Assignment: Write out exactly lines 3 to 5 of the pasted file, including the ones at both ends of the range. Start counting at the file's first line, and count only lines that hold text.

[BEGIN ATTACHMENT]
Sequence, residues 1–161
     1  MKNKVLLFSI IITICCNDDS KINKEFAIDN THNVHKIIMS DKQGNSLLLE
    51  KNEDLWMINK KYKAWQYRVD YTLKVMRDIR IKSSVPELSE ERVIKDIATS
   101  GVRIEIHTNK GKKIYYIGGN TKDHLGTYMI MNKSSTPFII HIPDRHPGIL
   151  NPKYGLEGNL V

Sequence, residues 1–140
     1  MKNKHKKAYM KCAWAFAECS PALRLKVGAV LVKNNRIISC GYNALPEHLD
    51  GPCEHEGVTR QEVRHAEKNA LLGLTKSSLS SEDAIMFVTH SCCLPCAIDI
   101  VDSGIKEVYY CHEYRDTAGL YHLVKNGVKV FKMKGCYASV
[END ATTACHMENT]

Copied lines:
    51  KNEDLWMINK KYKAWQYRVD YTLKVMRDIR IKSSVPELSE ERVIKDIATS
   101  GVRIEIHTNK GKKIYYIGGN TKDHLGTYMI MNKSSTPFII HIPDRHPGIL
   151  NPKYGLEGNL V